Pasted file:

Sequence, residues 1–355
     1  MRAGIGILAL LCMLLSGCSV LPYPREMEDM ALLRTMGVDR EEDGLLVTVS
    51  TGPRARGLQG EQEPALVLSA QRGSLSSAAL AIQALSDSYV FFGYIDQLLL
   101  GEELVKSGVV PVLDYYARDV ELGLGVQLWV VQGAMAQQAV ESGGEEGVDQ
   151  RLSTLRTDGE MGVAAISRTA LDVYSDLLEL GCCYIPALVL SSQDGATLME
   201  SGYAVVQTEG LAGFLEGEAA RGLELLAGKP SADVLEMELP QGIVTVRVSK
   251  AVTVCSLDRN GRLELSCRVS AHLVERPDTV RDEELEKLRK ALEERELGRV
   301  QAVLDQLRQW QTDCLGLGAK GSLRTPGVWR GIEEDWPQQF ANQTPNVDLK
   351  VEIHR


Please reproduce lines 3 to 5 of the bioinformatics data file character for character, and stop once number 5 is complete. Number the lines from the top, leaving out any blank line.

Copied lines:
    51  TGPRARGLQG EQEPALVLSA QRGSLSSAAL AIQALSDSYV FFGYIDQLLL
   101  GEELVKSGVV PVLDYYARDV ELGLGVQLWV VQGAMAQQAV ESGGEEGVDQ
   151  RLSTLRTDGE MGVAAISRTA LDVYSDLLEL GCCYIPALVL SSQDGATLME